By Jocelyn Selim
Ewing's Last Diagnosis
By Jocelyn Selim
In the spring of 1943, pathologist James Ewing was 76, and although retired as the director of Memorial Hospital in New York City, he was still a frequent presence there. It was at Memorial that a microscopic analysis of his own cells caused him to make what would be his final diagnosis: his own bladder cancer.
“It sounds like it was most likely transitional or squamous cell carcinoma,” says Dean Bajorin, a medical oncologist who specializes in genitourinary oncology at the hospital, now Memorial Sloan-Kettering Cancer Center. Transitional cell carcinoma, caused by the irritation of cells on the inside surface of the bladder, accounts for more than 90 percent of bladder cancers. It usually results from exposure to carcinogenic dyes in the workplace or smoking. “Most people don’t make the connection, but most bladder cancers are caused by smoking,” says Bajorin. “After carcinogens are filtered from the blood, they sit in the bladder for a while, so there’s prolonged exposure.”
It’s unlikely that Ewing, who recognized the link between smoking and lung cancer by the early 1930s, smoked. However, it’s possible that painful bladder stones, which he suffered from for years, played a role. “Squamous cell carcinoma is much more rare than transitional cell carcinoma, but it has been linked to persistent irritations like bladder stones,” Bajorin says.
Ewing likely realized his chances of recovery weren’t good. After he became ill, he suffered a cardiac arrest. Hospital legend has it that, when doctors resuscitated him, his response was, “What the hell did you do that for? Now I’ll have to go through all of this again in a few days! And when I do, just leave me alone.” In those days, Bajorin says, nearly all patients diagnosed with bladder cancer would have died within 12 to 18 months.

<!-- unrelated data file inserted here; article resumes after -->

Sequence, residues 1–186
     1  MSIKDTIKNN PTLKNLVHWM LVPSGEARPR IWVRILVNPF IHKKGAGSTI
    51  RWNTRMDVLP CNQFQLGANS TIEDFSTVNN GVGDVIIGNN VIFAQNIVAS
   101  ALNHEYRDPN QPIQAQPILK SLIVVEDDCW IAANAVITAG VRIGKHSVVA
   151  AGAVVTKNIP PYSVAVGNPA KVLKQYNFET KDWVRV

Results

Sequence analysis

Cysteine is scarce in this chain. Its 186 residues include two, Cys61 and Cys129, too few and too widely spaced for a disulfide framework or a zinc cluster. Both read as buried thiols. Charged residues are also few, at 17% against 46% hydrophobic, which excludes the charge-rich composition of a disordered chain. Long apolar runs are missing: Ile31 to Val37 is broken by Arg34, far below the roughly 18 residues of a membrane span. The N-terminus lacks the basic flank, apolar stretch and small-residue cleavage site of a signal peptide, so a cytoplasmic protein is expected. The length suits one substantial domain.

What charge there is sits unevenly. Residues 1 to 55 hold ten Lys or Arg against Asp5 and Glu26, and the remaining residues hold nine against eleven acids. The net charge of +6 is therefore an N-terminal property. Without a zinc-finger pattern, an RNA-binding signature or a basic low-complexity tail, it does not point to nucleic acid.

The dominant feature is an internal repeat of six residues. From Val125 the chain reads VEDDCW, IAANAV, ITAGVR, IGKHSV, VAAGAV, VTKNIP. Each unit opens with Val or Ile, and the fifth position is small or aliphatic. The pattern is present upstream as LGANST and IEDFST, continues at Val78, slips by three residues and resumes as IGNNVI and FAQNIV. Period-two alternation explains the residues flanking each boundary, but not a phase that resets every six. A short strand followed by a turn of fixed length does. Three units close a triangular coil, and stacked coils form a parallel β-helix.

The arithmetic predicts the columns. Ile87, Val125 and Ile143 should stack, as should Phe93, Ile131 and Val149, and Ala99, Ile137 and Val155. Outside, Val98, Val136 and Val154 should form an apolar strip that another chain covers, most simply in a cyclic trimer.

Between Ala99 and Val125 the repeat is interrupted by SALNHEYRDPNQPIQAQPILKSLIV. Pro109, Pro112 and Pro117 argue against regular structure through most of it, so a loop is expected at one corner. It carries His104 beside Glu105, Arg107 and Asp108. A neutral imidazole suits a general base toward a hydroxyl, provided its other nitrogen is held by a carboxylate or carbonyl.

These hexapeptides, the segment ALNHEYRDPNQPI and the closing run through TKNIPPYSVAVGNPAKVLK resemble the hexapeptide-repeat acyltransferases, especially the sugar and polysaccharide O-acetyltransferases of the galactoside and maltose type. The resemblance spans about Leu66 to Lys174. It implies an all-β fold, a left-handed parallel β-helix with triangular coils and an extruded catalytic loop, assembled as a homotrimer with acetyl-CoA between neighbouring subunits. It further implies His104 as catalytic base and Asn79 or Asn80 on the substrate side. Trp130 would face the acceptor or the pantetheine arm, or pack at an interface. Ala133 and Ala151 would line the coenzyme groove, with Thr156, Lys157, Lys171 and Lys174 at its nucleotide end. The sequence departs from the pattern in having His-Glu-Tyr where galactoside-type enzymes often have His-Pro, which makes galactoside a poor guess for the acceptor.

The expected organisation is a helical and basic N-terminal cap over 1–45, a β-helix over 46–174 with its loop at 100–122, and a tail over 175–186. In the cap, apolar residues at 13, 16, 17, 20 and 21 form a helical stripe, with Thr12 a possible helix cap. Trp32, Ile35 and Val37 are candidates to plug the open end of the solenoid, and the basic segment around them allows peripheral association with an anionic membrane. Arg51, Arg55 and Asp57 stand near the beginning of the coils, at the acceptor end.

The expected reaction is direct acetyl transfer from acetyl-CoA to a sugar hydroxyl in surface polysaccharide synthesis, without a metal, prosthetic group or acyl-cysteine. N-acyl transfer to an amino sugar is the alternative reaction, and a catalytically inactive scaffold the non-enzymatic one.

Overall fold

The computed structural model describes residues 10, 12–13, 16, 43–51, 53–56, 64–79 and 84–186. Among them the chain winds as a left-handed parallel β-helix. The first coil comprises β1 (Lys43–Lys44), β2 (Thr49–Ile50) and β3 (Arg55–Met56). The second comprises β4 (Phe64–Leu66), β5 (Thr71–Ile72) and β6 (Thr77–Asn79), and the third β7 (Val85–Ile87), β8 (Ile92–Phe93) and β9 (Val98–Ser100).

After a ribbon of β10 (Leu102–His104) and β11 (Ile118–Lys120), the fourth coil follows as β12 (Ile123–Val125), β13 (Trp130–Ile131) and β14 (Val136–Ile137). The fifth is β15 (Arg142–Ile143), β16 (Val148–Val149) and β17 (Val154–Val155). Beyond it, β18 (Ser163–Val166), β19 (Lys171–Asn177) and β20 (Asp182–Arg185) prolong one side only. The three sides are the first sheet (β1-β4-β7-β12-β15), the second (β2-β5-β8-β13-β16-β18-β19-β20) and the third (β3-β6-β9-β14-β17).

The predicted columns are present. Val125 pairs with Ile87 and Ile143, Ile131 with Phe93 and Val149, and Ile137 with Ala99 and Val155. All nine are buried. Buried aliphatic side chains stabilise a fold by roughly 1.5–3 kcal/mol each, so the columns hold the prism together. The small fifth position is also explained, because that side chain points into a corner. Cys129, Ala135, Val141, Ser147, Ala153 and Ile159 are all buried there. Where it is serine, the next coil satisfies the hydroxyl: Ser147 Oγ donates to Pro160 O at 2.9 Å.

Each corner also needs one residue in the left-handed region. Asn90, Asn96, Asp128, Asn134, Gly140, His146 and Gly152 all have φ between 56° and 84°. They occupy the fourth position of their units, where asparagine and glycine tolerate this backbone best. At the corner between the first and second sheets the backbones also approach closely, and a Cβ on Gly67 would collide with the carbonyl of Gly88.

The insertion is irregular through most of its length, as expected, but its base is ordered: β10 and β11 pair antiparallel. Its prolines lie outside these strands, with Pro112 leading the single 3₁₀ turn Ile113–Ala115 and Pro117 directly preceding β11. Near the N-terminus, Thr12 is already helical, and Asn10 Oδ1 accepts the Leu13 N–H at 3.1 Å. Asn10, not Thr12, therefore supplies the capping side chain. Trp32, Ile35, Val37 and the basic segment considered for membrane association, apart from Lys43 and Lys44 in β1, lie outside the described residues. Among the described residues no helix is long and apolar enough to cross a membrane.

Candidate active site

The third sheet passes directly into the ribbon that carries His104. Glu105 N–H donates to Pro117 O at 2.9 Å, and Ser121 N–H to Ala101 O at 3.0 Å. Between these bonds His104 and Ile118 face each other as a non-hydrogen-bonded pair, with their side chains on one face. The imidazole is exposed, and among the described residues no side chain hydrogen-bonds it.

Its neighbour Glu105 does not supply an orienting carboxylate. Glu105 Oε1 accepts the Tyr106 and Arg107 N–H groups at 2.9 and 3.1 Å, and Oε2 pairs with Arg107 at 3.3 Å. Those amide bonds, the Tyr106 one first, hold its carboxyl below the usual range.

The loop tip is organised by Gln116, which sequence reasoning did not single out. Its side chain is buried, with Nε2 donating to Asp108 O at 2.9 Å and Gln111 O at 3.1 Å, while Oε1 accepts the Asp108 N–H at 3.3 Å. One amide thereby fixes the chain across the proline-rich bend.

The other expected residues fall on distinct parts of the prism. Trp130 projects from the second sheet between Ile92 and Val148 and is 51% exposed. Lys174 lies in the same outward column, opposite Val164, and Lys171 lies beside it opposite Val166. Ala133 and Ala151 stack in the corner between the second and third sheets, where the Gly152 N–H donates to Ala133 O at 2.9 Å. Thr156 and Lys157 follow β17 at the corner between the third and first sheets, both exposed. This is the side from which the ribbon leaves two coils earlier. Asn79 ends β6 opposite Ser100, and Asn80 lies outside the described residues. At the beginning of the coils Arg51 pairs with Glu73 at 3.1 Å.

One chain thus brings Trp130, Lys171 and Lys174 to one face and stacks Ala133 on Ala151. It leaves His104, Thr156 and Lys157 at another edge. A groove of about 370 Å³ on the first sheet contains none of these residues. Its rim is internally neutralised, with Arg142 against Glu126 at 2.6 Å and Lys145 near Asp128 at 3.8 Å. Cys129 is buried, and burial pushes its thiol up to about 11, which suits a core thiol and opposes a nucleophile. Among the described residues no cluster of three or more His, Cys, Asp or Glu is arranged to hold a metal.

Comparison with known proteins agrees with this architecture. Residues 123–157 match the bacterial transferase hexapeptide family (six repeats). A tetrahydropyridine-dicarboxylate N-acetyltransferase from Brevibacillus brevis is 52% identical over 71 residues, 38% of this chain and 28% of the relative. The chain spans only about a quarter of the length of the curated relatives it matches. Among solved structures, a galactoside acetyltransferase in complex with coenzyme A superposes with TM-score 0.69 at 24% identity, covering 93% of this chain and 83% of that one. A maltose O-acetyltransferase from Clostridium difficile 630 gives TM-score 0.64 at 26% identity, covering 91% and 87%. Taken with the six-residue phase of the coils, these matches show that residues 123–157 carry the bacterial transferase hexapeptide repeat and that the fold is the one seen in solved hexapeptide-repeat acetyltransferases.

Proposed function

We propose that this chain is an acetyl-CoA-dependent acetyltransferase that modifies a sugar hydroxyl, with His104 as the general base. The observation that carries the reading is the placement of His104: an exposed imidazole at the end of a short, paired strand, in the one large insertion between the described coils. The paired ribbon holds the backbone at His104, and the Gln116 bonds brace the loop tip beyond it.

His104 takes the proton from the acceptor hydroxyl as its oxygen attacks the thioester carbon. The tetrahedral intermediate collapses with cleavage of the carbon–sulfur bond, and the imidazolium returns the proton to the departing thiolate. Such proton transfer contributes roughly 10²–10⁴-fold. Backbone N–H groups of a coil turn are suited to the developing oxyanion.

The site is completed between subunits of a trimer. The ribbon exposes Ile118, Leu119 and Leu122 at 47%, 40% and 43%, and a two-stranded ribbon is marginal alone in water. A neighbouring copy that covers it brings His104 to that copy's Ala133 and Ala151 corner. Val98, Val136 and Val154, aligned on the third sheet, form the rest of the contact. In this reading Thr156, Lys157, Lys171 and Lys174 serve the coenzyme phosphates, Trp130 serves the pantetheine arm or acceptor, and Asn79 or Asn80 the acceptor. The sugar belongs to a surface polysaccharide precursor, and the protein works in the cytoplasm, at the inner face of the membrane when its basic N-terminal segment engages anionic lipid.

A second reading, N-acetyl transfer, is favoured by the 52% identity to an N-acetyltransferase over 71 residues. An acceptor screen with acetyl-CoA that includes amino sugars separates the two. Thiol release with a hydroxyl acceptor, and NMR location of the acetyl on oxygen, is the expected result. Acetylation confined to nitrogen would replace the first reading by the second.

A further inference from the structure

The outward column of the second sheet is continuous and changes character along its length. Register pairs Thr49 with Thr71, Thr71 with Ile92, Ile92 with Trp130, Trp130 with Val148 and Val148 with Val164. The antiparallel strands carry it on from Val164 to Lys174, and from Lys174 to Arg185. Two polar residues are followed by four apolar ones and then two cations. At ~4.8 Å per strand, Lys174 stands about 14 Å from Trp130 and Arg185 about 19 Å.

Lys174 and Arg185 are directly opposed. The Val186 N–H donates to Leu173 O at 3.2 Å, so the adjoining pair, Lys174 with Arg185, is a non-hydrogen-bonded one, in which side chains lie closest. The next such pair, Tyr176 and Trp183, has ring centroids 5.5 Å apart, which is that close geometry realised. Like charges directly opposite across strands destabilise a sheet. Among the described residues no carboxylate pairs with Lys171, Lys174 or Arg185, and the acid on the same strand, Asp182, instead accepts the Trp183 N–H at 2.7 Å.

These days, thanks to advances in bladder cancer diagnosis and treatment, patient survival is much better. Even though there’s no routine screening tool, almost 75 percent of the 67,000 new cases in the U.S. each year are found before the cancer has spread beyond the inner layers of the bladder—mostly through the detection of small amounts of blood or abnormal cells in urine. And nearly 95 percent of patients whose cancers are detected at this early stage are still alive five years later. “The statistics are good,” says Bajorin. “But I can’t emphasize this enough: Smoking is the single largest contributing factor to bladder cancer. It’s a huge problem.”